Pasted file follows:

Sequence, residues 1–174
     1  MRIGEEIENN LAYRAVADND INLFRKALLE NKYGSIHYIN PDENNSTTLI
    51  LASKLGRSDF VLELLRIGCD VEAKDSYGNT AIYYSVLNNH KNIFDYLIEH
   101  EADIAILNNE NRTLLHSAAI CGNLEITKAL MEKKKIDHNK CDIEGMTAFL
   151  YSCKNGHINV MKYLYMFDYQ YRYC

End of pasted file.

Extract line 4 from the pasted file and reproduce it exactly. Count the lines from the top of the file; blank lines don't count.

   101  EADIAILNNE NRTLLHSAAI CGNLEITKAL MEKKKIDHNK CDIEGMTAFL